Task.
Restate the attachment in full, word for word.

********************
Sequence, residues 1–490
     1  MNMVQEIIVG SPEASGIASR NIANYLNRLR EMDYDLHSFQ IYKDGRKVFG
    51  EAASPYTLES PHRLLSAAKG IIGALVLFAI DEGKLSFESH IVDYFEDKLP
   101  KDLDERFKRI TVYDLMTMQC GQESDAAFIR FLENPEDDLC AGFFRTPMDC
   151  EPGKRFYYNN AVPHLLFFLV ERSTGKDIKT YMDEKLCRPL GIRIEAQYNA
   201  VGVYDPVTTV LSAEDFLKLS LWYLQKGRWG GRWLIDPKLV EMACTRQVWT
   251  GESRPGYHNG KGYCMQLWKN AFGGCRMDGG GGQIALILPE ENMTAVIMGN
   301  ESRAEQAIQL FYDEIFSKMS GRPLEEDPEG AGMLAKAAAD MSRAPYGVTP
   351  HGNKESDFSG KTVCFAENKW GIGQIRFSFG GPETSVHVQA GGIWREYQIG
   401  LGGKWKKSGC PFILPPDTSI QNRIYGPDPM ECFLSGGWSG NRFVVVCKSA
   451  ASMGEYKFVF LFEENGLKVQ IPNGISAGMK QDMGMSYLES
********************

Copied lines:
Sequence, residues 1–490
     1  MNMVQEIIVG SPEASGIASR NIANYLNRLR EMDYDLHSFQ IYKDGRKVFG
    51  EAASPYTLES PHRLLSAAKG IIGALVLFAI DEGKLSFESH IVDYFEDKLP
   101  KDLDERFKRI TVYDLMTMQC GQESDAAFIR FLENPEDDLC AGFFRTPMDC
   151  EPGKRFYYNN AVPHLLFFLV ERSTGKDIKT YMDEKLCRPL GIRIEAQYNA
   201  VGVYDPVTTV LSAEDFLKLS LWYLQKGRWG GRWLIDPKLV EMACTRQVWT
   251  GESRPGYHNG KGYCMQLWKN AFGGCRMDGG GGQIALILPE ENMTAVIMGN
   301  ESRAEQAIQL FYDEIFSKMS GRPLEEDPEG AGMLAKAAAD MSRAPYGVTP
   351  HGNKESDFSG KTVCFAENKW GIGQIRFSFG GPETSVHVQA GGIWREYQIG
   401  LGGKWKKSGC PFILPPDTSI QNRIYGPDPM ECFLSGGWSG NRFVVVCKSA
   451  ASMGEYKFVF LFEENGLKVQ IPNGISAGMK QDMGMSYLES